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Exclusive: U.S. Renews Air Campaign Against Khorasan Group
This story has been updated. The U.S. targeted senior leaders of the shadowy Khorasan Group Wednesday night with airstrikes conducted in the vicinity Sarmada, a town in northwestern Syria near the city of Idlib. In total, the U.S. conducted five airstrikes with a combination of manned and unmanned aircraft, a defense official told FP Wednesday ...
This story has been updated.
The U.S. targeted senior leaders of the shadowy Khorasan Group Wednesday night with airstrikes conducted in the vicinity Sarmada, a town in northwestern Syria near the city of Idlib.
In total, the U.S. conducted five airstrikes with a combination of manned and unmanned aircraft, a defense official told FP Wednesday night.
U.S. Central Command confirmed the strikes Thursday, and said they were carried out by the U.S. alone.
"We are still assessing the outcome of the attack, but have initial indications that it resulted in the intended effects by striking terrorists and destroying or severely damaging several Khorasan Group vehicles and buildings assessed to be meeting and staging areas, [improvised explosive device]-making facilities and training facilities," Centcom said in a statement.
It is believed that French bomb maker David Drugeon is among those killed in the attacks.
The U.S. first struck the Khorasan Group, a small cell of senior al Qaeda operatives, on Sept. 22, the night of the initial airstrikes against Islamic State targets in Syria. To bomb Khorasan Group targets that time, the U.S. relied on Tomahawk missiles launched by the U.S. Navy.
Explaining why the U.S. had gone after a group other than the Islamic State, officials at the time said Khorasan attacks against Europe and possibly the United States were "imminent," and there were fears about the group’s ties to the chief bomb-maker for al Qaeda in the Arabian Peninsula.
About the Nov. 5 attacks, Centcom said,
"This network was plotting to attack in Europe or the homeland, and we took decisive action to protect our interests and remove their capability to act."
After conflicting reports following the September strikes, the intelligence community concluded that the group’s senior leaders — Muhsin al-Fadhli and Drugeon, a possible former French intelligence officer who defected to al-Qaeda — had most likely survived the attack.
Officials and terrorism experts said they thought Khorasan may have been alerted to the impending strike by news reports citing anonymous U.S. officials.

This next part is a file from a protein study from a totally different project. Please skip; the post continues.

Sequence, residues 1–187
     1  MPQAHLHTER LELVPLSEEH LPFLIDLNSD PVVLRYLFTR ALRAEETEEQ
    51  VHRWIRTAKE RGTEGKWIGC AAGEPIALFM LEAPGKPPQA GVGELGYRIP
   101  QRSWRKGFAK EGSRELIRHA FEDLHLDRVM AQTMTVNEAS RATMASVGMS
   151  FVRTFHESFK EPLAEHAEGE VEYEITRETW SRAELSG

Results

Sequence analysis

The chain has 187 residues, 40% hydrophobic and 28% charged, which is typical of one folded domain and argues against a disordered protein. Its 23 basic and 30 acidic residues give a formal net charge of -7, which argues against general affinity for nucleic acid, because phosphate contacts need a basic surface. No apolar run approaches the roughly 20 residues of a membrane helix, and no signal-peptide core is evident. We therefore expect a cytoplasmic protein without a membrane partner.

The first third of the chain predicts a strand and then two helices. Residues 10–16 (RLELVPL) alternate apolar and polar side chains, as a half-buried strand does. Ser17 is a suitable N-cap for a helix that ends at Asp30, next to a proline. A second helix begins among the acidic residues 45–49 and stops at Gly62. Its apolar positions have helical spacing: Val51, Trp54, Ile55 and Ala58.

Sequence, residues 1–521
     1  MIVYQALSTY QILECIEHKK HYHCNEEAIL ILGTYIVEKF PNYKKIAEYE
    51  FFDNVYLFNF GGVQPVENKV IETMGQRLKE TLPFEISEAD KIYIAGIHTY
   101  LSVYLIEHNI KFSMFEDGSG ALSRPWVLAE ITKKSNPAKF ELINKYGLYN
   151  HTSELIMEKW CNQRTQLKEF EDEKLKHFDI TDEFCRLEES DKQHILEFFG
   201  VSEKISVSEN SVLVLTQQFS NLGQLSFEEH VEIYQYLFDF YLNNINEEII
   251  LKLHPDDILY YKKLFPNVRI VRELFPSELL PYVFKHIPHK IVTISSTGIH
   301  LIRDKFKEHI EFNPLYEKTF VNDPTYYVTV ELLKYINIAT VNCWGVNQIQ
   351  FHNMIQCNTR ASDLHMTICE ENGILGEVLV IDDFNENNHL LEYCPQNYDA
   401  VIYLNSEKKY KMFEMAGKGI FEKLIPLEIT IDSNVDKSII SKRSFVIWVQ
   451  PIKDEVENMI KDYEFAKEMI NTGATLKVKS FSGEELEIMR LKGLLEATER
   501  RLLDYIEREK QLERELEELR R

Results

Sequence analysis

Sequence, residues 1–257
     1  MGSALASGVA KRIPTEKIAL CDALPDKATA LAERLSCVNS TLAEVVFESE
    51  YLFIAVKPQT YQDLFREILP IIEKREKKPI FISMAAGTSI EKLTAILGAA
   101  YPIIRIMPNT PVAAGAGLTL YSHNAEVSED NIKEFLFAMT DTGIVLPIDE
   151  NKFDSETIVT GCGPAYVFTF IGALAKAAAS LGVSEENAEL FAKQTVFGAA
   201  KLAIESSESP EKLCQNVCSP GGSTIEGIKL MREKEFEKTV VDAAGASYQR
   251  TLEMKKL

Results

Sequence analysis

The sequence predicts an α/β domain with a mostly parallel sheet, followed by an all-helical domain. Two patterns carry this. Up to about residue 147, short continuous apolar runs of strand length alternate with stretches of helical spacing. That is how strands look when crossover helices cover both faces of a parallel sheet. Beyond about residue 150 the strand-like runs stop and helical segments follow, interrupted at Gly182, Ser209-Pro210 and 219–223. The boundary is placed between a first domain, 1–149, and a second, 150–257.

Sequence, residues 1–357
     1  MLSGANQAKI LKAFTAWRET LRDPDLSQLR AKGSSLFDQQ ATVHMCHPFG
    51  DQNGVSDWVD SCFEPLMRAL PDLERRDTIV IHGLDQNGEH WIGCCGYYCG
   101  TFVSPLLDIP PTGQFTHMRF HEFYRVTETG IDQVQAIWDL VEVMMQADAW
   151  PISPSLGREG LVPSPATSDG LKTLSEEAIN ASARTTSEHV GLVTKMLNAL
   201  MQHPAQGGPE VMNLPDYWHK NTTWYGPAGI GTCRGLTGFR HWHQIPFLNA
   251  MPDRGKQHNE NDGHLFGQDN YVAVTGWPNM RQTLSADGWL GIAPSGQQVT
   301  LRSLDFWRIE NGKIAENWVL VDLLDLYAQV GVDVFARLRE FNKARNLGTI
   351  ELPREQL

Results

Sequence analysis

The Syrian Observatory for Human Rights, a monitoring group, reported the Nov. 5 strikes had targeted al-Nusra Front, the local branch of al-Qaeda with whom the Khorasan Group works. Nusra Front has been one of the leading groups fighting the regime of Syrian President Bashar Assad, and therefore draws some support in Syria from those who oppose the government.
Nusra Front had recently made gains against Western-backed factions of the Syrian opposition in the province of Idlib, posing potential new problems to the Obama administration’s strategy of vetting and training Syrian rebels to fight the Islamic State.
Centcom emphasized the most recent strikes were not against the larger Nusra Front organization, but specifically against those involved in plotting attacks against the West.
"These strikes were not in response to the Nusrah Front’s clashes with the Syrian moderate opposition, and they did not target the Nusrah Front as a whole," Centcom said in its statement. "They were directed at the Khorasan Group whose focus is not on overthrowing the Asad regime or helping the Syrian people. These al-Qaeda operatives are taking advantage of the Syrian conflict to advance attacks against Western interests."
But Centcom acknowledged how intertwined the Khorasan Group and Nusra Front are, describing the Khorasan Group as
"a term used to refer to a network of Nusrah Front and al-Qaeda core extremists who share a history of training operatives, facilitating fighters and money, and planning attacks against U.S. and Western targets."